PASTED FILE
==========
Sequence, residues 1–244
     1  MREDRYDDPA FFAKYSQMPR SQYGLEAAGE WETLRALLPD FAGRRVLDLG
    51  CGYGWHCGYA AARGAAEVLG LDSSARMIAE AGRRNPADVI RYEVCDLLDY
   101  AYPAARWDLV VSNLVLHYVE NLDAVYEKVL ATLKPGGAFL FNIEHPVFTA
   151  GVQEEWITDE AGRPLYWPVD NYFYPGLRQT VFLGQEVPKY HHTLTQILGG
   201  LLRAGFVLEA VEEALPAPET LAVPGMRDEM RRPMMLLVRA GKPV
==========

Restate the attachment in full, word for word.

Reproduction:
Sequence, residues 1–244
     1  MREDRYDDPA FFAKYSQMPR SQYGLEAAGE WETLRALLPD FAGRRVLDLG
    51  CGYGWHCGYA AARGAAEVLG LDSSARMIAE AGRRNPADVI RYEVCDLLDY
   101  AYPAARWDLV VSNLVLHYVE NLDAVYEKVL ATLKPGGAFL FNIEHPVFTA
   151  GVQEEWITDE AGRPLYWPVD NYFYPGLRQT VFLGQEVPKY HHTLTQILGG
   201  LLRAGFVLEA VEEALPAPET LAVPGMRDEM RRPMMLLVRA GKPV